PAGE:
last night i was lying in bed agonizing over a big decision that i have to make in the near future. it was tearing me up inside and i didn't know what to do. i decided to get my mind off of it, so i picked up a book of short stories/articles and randomly opened up to an article titled "the futile pursuit of happiness" by jon gertner. i think this article must have been a sign from buddha or richard gere (the modern day buddha). it didn't necessarily distract my mind from my "problem". in fact, it dealt directly with the problem. i was agonizing over which decision would make me the happiest and this article pretty much told me that whatever i decide doesn't really matter. let me explain.
three psychologists and an economist walk into a bar and then asked "how do we predict what will make us happy or unhappy- and then how do we feel after the actual experience?" for example, how will we feel if we win or lose a game? how will we feel a few days after winning/losing the game? how do we predict we will feel after purchasing a cool iphone or a pair of cool vintage jeans or other cool shit? and then how do we react to the outcome? according to these four men, the decision to purchase cool shit, get married, move to olympia, etc. are based on predictions of what the emotional consequences will be.
the researchers claim that we as humans tend to "overestimate the intensity and duration of our emotional reactions- our 'affect'- to future events". so in other words, we might think that moving to olympia or starting a vintage clothing shop called "coal umbrella" will make life great. but it will be less exciting than we predicted and the initial excitement won't last very long. basically, both good and bad events are less intense and more transient than we may predict.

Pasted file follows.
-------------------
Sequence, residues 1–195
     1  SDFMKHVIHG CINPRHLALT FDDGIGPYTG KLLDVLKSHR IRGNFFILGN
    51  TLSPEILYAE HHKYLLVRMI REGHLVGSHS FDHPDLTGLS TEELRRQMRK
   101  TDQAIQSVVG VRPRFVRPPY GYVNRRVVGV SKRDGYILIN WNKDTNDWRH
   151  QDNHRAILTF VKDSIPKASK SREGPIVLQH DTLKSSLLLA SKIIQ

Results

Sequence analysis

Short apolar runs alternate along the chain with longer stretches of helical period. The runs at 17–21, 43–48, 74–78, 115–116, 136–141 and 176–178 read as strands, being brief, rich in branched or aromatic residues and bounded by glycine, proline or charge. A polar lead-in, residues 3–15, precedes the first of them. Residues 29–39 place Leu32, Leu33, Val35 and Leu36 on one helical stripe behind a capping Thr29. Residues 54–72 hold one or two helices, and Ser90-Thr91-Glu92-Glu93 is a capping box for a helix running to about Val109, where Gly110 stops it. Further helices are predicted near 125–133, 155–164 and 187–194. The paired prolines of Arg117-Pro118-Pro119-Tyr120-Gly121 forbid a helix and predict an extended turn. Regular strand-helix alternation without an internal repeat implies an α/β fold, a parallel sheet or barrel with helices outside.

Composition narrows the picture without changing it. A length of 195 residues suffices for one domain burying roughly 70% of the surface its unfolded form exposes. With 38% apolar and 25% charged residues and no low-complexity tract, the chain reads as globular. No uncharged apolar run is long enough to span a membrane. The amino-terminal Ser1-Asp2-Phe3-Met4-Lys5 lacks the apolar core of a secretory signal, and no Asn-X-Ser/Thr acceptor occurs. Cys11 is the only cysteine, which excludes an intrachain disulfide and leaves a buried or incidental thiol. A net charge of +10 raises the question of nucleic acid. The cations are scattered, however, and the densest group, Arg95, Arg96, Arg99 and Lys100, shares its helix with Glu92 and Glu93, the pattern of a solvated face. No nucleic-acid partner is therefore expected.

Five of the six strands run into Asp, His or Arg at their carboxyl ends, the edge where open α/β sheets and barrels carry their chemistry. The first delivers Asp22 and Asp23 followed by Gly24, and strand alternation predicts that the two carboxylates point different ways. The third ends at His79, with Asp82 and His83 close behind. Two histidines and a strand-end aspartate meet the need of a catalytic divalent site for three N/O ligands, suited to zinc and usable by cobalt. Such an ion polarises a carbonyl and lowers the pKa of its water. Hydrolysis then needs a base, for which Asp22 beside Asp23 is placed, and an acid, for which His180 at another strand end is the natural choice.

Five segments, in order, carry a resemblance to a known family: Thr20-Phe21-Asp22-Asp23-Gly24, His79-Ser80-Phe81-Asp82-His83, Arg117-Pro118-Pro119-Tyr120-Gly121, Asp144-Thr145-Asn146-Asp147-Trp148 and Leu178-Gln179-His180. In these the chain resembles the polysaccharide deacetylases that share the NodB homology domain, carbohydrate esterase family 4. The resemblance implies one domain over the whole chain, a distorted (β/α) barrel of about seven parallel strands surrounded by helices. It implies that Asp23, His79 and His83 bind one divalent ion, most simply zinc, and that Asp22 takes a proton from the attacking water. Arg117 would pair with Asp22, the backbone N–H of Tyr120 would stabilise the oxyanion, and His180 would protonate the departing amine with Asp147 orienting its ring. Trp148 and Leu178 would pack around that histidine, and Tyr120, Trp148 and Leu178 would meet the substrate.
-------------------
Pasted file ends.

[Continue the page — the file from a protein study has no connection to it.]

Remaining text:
while these ideas don't seem very surprising or new to me, it was still reassuring to read about them last night. the ideas actually seem to be very congruent with buddhism's idea of impermanence. the ordinary understanding of impermanence can be seen everyday- people are born, get older, die, the weather is cold, warm, hot, then cold again. things change constantly. i find that buddhist practice helps to open one up to the less obvious perception of impermanence. by practicing mindfulness, one can see everything as constantly in flux, even things that seem to always be persistent.
i think i am getting a little off track. but basically my point was that this article that richard gere personally wrote for me (under the pen name "jon gertner") really brought peace to my troubled noggin last night (of course, i realized this peace would not last... but neither would future distress). it reassured me that whatever decisions i end up making, i will adapt. one choice won't make me blissfully happy, just like another choice won't make me feel like a dried up turd. even if it DOES make me a happy/turd/happy turd, it won't always be that way. some may find this bleak, but i find it reassuring. at the end of the article, one of the psychologists said, "...maybe our caricatures of the future- these overinflated assessments of how good or bad things will be- maybe it's these illusory assessments that keep us moving in one direction over the other. maybe we don't want a society of people who shrug and say, 'it won't really make a difference.' maybe it's important for there to be carrots and sticks in the world, even if they are illusions. they keep us moving towards carrots and away from sticks."